An @WeNurses Twitter Chat On Resilience

personalresilienceasanurse

A Twitter Chat for @WeNurses on Resilience (Hosted 7th March 2013)

Originally Posted on April 8, 2013 by mhnurse

Following a recent twitter chat I  joined forces with Maxine Craig (@maxine_craig) and Andrew Moore (@steesimprove), two Organisational Development NHS professionals from South Tees, to co-host a twitter chat on the #WeNurses hashtag. We found that we shared a common interest in the idea of ‘resiliency’ and elected to collaborate and develop a twitter chat on this topic. You can find the archive of this twitter chat via WeNurses.co.uk. Here’s my covering blurb from that twitter chat, that I have subsequently edited a little.

“Resilience” is a topic of particular interest to a growing variety of stakeholders in health and social care and beyond. This is evident in the relatively recent call for science to adopt a more positive mind-set (Luthar and Zelazo, 2003: cited in Mohaupt, 2009) and the rise of ‘positive psychology’. You can find resiliency research present in fields as diverse as ecology, physics, medicine, social psychology, and psychiatry as far back as the 1940’s (Mohaupt, 2009).

Coming from the Latin ‘resilio’ meaning ‘spring back’ (Oxford Dictionary, 2010) in a therapeutic context it describes how people can get through adversity by drawing upon their various strengths (Kyuken, Padesky and Dudley, 2009). Definitions and the usage of resilience have changed over time, but the bottom line is that resilience is currently conceptualised as “a dynamic concept referring to a person’s ability to maintain or regain health after exposure to adversity” (Herrman and Jane-LLopis, 2012, p.1).

Our question, and topic for our nursing twitter chat, is – how do we build personal resilience as nurses? The idea of nursing (and indeed we could argue any kind of person-focused work) as a kind of “emotional labour” with a concomitant risk of “burnout” is well established in the literature and across the fields of nursing (Henderson, 2001; Brotheridge and Grandey, 2002, Mann and Cowburn, 2005). It would seem to make sense then to join these things up and consider carefully how nurses can apply the developing expertise from well-being and positive-psychology research (e.g. Seligman and Csikszentmihalyi, 2000) to themselves, colleagues and those they care for.

Positive-psychology interventions (PPI) are not primarily about treating people with significant emotional and psychological health difficulties (SEPHD), although there is considerable interest and research into this (see Sin and Lyubomirsky, 2009). PPI strategies run the gamut of: writing thank-you letters, practicing optimistic thinking, re-living/rehearsing positive experiences, to practicing mindfulness skills. These interventions have been shown to increase well-being in people without SEPHD (e.g. Lyubomirsky et al. 2011). The need for national and local NHS strategies to develop staff health and well-being was recognised on the back of the Boorman report (Boorman, 2009) and led to the development of the Department of Health (DH) “Healthy Staff, Better Care for Patients” National guidance for the NHS (DH, 2011). Your NHS trust should have a health and well-being strategy and policy.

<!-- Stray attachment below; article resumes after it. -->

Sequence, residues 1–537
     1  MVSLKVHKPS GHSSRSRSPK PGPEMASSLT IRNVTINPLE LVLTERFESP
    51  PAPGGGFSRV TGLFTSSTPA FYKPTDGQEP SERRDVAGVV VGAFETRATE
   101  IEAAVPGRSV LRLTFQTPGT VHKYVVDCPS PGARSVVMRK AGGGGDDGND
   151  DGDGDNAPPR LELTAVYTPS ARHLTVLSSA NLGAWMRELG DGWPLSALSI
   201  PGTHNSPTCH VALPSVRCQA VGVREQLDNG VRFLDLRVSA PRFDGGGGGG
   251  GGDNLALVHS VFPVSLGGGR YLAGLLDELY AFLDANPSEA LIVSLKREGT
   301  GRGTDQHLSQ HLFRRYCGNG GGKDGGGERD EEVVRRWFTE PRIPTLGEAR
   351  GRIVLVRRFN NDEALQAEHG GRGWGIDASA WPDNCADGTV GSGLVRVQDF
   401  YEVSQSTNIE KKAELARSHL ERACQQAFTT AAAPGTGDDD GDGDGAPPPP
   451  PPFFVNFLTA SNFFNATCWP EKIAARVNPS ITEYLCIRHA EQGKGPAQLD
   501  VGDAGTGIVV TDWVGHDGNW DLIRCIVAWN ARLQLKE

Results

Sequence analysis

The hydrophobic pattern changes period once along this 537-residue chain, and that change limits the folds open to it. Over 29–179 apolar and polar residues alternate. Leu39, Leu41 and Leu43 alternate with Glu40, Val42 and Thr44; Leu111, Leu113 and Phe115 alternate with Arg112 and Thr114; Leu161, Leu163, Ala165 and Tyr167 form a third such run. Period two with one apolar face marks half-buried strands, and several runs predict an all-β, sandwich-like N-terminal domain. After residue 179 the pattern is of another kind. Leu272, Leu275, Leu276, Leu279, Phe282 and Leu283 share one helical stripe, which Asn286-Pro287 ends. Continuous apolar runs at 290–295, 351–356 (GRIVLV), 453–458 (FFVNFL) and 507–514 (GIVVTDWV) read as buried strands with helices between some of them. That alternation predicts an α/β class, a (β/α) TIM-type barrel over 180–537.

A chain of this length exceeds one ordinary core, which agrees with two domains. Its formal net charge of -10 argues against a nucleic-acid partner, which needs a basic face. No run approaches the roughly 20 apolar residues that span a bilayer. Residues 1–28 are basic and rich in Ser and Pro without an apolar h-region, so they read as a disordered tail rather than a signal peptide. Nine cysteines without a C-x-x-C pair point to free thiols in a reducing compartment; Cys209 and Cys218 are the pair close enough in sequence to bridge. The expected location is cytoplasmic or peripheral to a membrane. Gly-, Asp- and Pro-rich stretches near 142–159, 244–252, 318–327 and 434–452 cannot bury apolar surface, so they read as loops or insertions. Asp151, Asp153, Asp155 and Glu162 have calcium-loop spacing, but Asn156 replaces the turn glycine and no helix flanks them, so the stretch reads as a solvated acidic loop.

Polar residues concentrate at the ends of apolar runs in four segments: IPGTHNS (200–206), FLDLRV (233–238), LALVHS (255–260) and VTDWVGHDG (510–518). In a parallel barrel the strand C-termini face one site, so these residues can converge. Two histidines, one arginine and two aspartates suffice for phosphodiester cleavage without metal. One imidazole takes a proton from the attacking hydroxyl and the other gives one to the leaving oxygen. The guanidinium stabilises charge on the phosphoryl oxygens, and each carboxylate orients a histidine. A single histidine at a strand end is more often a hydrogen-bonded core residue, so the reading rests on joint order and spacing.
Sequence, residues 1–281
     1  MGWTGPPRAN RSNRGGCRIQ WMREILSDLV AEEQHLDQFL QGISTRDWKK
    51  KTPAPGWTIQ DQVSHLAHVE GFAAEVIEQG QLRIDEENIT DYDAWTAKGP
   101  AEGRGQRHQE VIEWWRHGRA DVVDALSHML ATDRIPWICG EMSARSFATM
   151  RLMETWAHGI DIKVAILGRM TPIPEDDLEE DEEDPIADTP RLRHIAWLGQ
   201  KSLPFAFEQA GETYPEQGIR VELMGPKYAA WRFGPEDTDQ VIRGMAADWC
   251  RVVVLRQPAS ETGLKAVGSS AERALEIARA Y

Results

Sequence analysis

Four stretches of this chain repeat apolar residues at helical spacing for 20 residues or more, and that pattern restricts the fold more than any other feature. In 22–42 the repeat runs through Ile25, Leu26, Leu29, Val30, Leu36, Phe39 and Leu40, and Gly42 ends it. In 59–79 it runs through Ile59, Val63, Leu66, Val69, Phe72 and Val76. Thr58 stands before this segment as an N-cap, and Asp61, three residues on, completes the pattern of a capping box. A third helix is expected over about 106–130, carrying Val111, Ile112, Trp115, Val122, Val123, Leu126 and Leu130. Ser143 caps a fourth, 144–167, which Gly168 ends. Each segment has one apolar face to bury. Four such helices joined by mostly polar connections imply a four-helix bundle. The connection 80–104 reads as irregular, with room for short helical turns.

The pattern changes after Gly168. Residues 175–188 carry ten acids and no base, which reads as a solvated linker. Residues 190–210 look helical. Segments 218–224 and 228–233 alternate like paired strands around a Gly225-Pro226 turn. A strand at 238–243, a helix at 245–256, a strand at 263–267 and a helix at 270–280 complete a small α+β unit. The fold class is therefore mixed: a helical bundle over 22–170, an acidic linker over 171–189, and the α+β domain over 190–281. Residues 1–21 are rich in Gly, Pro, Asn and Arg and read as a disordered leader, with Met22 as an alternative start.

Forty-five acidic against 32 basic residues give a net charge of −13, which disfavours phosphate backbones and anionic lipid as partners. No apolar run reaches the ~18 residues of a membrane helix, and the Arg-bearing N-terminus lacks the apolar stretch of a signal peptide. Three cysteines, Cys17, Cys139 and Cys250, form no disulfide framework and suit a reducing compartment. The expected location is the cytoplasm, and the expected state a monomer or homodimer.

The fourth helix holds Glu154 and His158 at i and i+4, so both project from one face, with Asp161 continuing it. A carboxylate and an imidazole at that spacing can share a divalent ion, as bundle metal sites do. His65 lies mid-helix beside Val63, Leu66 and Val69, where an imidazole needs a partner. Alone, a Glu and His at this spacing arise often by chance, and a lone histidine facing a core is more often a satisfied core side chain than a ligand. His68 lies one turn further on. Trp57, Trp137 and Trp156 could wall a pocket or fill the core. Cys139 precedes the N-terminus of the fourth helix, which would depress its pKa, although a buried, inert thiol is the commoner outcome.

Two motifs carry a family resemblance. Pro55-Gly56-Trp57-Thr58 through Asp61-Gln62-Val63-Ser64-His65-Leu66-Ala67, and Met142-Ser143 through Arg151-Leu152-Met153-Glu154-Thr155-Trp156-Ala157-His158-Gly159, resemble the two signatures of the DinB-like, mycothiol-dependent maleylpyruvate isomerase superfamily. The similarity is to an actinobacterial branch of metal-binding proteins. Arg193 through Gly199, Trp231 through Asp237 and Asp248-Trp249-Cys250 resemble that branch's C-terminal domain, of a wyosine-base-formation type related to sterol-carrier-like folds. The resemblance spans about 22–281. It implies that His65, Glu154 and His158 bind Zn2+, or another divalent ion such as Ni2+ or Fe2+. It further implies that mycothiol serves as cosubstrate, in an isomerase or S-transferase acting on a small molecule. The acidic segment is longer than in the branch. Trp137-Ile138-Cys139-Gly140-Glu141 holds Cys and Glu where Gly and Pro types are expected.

That’s the rhetoric – what of the reality? The national guidelines places staff at the top of the chain of responsibility in their illustrative diagram of how we should go about “embedding improvements to the health and well-being of staff in the NHS” (DH, 2011, p.6). There is, naturally, the predictable raft of guidelines for managers, the organisation, the wider health system and the community beyond that. So, in the light of all this how do we build personal resilience as nurses?

References:

Boorman, S. (2009), NHS Health and Well-being: Final Report, DoH.

Brotheridge C.M. and Grandey A.A. (2002), Emotional Labor and Burnout: compating Two Perspectives of “Perople Work”, Journal of Vocational Behaviour, 60: pp.17-39.

Department of Health (2011), Healthy Staff, Better Care for Patients: Realignment of Occupational Health Services to the NHS in England, DoH.

Henderson A. (2001), Emotional Labor and nursing: an under-appreciated aspect of caring work, Nursing Inquiry, 8(2); p130-8.

Herrman H. and Jane-Llopis E., (2012), The status of mental health promotion. Public Health Reviews, 34(2).

Kuyken W., Padesky C.A. & Dudley R., 2009, Collaborative Case Conceptualization: Working Effectively with Clients in Cognitive Behavioural Therapy, New York: Guildford Press.

Lyubormirsky, S.,  Dickerhoof, R.,  Boehm, J.K.,  and Sheldon, K.M. (2011). Becoming happier takes both a will and a proper way: an experimental longitudinal interventions to boost well-being. Emotion. 11(2): pp 391-402.

Mann S. and Cowburn J. (2005), Emotional labour and stress within mental health nursing, Journal of Psychiatric and Mental Health Nursing, 12 (2), pp154-162.

Mohaupt, S. (2009), Review Article: Resilience and Social Exclusion, Social Policy and Society, 8 (1), pp 63-71.

Oxford Dictionaries. (2010) Oxford Dictionaries Oxford University Press.http://oxforddictionaries.com/definition/english/resilience (accessed February 18, 2013).

Seligman, M.E.P. and Csikszentmihalyi, M. (2000). Positive psychology: An introduction. American Psychologist, 55, p5-14.

Sin N.L. and Lyubomirsky S. (2009), Enhancing well-being and alleviating depressive symptoms with positive psychology interventions: A practice-friendly meta-analysis., Journal of Clinical Psychology, 65(5): pp.467-487.